10 Simple Ways to Eat Healthy on a Tight Budget

We all know that a healthy diet is the key to good health and perhaps a long and disease-free life. A healthy diet should include nutrient-dense foods from the five major food groups, namely:

  1. Fruit and vegetables.
  2. Starchy food.
  3. Dairy.
  4. Protein.
  5. Fat.

Eating a variety of foods from each of the five food groups daily in the recommended amounts helps to promote good health and helps to reduce the risk of chronic diseases.

Most of us want to follow a healthy diet but think that healthy foods are expensive. However, the truth is you don’t have to break the bank to eat healthily. Armed with the 10 strategies below and with consistent effort, you will be able to dish out budget-friendly meals that are nutritious, filling, and delicious for the whole family.

1. Plan your meals
Planning ahead is essential when it comes to saving money on your grocery bill. Pick a day each week to plan your meals for the upcoming week. With the daily menu, make a grocery list of everything you need to cook those meals. Don’t forget to scan your fridge and larder to see what you already have. Most of the time, you will find foods hidden at the back of your fridge or cabinet that can still be used. It’s best to plan your meals around vegetables that are starting to wilt and foods near the expiration date. Only purchase what you know you’re going to use to avoid discarding what you buy and don’t use.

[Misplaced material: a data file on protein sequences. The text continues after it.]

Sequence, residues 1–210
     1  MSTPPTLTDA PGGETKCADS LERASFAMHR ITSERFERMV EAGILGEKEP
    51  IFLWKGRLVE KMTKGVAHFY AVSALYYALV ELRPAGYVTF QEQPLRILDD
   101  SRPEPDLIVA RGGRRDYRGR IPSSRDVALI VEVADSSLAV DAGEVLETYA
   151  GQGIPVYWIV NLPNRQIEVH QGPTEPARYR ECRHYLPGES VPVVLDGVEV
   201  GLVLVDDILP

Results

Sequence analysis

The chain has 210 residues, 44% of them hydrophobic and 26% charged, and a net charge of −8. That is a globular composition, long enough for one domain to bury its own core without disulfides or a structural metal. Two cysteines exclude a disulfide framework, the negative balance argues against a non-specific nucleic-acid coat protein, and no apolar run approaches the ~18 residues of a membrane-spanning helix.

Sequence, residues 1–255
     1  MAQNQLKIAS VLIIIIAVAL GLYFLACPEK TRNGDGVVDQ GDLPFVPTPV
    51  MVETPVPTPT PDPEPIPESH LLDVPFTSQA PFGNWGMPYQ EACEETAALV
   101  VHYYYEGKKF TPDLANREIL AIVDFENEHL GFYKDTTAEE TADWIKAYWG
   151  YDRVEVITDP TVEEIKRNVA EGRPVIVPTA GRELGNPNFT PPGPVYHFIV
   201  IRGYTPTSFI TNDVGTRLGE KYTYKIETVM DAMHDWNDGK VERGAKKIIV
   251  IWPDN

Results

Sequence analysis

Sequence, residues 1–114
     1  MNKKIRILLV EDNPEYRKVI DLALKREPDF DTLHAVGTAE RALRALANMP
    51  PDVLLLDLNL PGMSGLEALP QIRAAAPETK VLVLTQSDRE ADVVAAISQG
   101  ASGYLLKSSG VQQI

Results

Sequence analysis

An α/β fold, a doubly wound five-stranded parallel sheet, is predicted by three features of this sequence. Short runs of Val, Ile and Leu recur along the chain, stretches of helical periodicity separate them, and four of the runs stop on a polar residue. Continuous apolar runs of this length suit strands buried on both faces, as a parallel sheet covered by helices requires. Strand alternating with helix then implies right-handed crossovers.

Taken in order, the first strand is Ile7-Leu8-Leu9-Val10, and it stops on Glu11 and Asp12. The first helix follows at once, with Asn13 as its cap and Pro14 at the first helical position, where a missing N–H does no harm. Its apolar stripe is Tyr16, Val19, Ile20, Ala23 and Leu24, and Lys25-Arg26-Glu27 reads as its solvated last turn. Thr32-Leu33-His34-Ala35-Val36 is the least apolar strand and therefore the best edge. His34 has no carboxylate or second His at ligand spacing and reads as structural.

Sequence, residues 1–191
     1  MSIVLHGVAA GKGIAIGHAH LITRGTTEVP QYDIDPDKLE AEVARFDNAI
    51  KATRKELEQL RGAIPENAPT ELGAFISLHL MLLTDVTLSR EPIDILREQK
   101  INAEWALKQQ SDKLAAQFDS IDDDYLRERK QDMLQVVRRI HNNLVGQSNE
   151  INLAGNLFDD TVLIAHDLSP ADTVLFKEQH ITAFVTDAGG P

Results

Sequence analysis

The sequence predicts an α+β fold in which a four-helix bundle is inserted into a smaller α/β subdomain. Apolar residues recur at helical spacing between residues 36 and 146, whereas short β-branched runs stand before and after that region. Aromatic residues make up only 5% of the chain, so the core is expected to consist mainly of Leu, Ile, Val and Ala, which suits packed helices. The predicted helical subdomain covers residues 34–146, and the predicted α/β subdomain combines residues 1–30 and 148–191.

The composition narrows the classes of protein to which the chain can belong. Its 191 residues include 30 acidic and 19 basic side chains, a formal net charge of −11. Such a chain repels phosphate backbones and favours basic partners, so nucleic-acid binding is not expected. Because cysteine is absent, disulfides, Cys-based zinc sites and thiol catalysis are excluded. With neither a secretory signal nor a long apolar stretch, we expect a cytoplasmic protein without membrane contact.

2. Choose fresh over frozen and processed.
Skip the snacks and frozen foods section at the supermarket and focus on fresh foods that are high in nutrients like fresh vegetables, beans, legumes, whole grains, and eggs. Fresh foods are not only more nutritious than frozen foods, they are cheaper than frozen ones. A bunch of 500gm spinach only costs RM4 whereas a pack of 500gm frozen spinach costs RM9.20. Choose local produce over imported ones. Seasonal produce is also cheaper.

3. Choose where you shop
With a tight budget to play around with, you can ditch the high-end supermarkets to get high quality and imported ingredients. Buying fresh produce and groceries at wet markets, night markets and hypermarkets can get you a better bargain and sometimes even fresher produce.